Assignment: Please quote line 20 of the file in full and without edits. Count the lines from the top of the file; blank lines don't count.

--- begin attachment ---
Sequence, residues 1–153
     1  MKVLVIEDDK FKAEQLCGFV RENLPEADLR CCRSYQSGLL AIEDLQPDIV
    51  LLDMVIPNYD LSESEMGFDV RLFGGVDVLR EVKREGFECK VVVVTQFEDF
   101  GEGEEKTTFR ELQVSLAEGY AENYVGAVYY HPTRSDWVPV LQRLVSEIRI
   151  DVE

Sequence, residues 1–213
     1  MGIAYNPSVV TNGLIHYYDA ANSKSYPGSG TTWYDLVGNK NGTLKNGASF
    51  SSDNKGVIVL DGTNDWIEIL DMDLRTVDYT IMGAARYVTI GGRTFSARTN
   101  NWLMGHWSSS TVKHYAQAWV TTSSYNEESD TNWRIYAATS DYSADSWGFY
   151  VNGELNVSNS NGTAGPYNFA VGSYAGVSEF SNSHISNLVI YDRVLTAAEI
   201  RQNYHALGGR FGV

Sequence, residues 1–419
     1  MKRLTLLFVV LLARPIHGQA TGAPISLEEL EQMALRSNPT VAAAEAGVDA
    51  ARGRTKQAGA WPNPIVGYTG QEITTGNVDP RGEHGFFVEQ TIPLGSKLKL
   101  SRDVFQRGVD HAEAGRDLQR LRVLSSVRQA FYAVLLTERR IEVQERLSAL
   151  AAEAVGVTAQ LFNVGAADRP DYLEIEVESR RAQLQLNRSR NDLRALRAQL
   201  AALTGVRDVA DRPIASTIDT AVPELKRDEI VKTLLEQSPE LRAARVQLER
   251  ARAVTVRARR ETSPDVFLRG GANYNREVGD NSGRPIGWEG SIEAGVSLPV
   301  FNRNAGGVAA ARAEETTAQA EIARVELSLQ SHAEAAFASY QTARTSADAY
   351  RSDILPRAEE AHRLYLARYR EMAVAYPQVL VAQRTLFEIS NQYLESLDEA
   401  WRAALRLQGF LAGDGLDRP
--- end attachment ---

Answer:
   351  RSDILPRAEE AHRLYLARYR EMAVAYPQVL VAQRTLFEIS NQYLESLDEA